A couple of weeks ago a father and his son lost their life after getting swept away by the Whitewater River. Now, Coachella Valley residents are wondering why there aren’t signs warning people of the dangers of the river. NBC Palm Springs looked into it and found that the answer is far from simple. Our team went out in search of signs and found that there are several of them out there, but none of them warm people about the dangers of the raging river.
Whitewater is a river that, at first glance looks harmless, but as Captain David Hudson from the CALfire Riverside County Indio Station 86 tells NBC Palm Springs, it is quite the opposite.
“That water there is extremely deceptive water is moving super fast, people tend to go in to stay cool but the problem is they lose their footing, they get swept away and there’s not a whole lot of options for them to get out,” he said.
In fact it’s claimed the lives of many visitors. Recently those of a father and son who got tangled in the raging rapids.
Longtime Venice Beach resident Jason Pennywell says, he knows the dangers of this river all too well.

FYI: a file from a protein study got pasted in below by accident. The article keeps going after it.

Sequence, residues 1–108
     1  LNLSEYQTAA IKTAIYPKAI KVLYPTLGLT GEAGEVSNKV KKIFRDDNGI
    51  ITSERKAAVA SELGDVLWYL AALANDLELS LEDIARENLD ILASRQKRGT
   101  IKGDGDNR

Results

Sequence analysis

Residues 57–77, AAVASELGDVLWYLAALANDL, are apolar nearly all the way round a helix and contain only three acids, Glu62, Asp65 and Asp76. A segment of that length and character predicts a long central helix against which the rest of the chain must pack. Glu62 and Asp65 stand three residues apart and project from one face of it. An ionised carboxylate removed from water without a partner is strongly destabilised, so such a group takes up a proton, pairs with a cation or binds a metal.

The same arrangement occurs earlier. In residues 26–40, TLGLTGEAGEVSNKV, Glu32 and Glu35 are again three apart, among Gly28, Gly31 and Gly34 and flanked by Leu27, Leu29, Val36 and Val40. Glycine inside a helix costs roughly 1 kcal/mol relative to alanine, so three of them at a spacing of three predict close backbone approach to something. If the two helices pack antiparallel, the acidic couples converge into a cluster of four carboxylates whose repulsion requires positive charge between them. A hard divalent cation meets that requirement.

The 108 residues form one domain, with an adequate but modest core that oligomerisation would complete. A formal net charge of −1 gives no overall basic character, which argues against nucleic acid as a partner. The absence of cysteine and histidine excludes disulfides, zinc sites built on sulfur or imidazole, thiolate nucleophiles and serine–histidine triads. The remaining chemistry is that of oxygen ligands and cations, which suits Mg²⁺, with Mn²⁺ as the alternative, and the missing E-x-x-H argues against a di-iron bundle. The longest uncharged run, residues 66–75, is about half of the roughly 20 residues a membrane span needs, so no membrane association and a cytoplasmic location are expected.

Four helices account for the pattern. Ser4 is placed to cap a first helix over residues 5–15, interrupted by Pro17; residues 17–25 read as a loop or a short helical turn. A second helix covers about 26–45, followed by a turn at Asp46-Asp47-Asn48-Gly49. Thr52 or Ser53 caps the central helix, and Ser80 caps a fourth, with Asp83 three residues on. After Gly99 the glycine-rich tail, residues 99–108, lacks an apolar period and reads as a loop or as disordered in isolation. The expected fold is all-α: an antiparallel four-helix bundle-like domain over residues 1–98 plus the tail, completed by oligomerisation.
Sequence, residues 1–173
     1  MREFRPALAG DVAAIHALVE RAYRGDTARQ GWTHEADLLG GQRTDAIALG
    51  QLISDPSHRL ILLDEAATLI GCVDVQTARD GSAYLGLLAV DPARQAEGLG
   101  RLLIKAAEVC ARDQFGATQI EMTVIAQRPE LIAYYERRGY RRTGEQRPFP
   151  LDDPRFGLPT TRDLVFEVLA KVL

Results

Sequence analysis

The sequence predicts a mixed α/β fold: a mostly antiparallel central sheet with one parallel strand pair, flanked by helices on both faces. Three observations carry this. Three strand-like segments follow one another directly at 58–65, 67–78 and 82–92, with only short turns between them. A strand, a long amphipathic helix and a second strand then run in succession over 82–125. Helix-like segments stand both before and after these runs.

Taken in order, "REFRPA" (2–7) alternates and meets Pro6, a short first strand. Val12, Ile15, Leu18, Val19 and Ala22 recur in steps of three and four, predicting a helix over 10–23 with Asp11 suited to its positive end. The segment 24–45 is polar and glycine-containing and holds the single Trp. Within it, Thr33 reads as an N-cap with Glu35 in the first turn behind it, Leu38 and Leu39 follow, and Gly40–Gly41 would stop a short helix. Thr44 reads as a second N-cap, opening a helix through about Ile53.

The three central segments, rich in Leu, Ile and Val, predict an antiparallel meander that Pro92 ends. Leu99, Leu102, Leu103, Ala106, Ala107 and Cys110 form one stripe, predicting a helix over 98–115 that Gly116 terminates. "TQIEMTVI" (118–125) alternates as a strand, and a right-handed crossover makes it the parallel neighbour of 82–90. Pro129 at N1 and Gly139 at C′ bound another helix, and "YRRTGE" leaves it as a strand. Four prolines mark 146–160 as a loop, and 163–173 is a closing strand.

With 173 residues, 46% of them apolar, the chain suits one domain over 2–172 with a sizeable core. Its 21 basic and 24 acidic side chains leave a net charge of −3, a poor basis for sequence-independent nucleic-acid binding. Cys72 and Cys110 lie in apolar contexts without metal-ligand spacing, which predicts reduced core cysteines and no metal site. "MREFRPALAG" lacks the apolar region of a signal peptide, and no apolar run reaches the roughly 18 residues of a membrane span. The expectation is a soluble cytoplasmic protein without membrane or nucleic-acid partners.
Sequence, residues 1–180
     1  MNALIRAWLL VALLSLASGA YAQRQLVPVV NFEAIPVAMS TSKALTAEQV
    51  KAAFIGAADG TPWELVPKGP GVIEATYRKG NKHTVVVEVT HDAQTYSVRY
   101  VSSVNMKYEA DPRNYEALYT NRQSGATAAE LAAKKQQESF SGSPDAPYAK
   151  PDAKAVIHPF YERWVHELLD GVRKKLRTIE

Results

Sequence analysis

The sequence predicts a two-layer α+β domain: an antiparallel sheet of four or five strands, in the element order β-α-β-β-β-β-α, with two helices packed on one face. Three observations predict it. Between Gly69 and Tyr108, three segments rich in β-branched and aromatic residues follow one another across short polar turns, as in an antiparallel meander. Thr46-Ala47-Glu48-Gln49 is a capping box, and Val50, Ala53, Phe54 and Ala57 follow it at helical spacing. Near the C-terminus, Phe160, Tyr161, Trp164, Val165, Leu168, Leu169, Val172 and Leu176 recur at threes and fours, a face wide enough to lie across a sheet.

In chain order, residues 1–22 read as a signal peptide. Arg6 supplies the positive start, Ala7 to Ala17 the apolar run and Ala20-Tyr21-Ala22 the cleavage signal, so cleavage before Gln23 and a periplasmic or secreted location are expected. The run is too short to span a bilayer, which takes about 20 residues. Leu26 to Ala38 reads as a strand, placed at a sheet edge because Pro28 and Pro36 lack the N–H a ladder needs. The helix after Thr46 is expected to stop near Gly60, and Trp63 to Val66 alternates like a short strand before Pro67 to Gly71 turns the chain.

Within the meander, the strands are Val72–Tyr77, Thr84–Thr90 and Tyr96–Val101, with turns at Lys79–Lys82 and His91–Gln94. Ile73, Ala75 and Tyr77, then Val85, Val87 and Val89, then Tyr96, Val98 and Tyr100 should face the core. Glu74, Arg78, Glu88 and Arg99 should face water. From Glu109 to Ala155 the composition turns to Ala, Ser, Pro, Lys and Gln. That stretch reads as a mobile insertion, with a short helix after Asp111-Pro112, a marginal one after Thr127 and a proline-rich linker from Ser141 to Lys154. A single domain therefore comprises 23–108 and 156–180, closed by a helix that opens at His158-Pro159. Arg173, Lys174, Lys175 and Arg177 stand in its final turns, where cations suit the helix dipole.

“It looks so pleasant and inviting, but once you get in there, it’s a completely different story.”
So why do people continue to go swimming if signs a signs are posted alongside of the river?
Well, although there’s sign, after sign, after sign…most of them warn people of fire danger and none explicitly tell people of the dangers of the river (or encourage them not to go swimming).
“It’s not very clear or it doesn’t stipulate actually do not swim or do not enter into the river,” adds Jason.
NBC Palm Springs spoke to the Coachella Valley Water District, who’s responsible for putting up these signs that read “trespassing and loitering forbidden by law.” They say it’s unclear why these signs were put up in the first place. However, they claim that this land is under the jurisdiction of the Bureau of Land Management and they, thus, they would be the ones responsible for putting up signage.
For now, onlookers and visitors must be careful and as Jason says…
“Proceed with caution, with extreme caution as .this is a drowning area potential.”
Now, these are just mere suggestions that this tourist has for folks visiting the Whitewater area. He also says there is one thing the Bureau should have in mind when making signs.
“We are living in a diverse community so there should be both in English and in Spanish, do not enter, this is dangerous, proceed with caution.”
NBC Palm Springs called the Bureau of Land Management several times to get more insight regarding what could be done to make this a safer place for onlookers, but they have yet to get back to us. Visitors should note that violators risk a fine of up to $1,000, a prison sentence of up to a year or a combination of the two.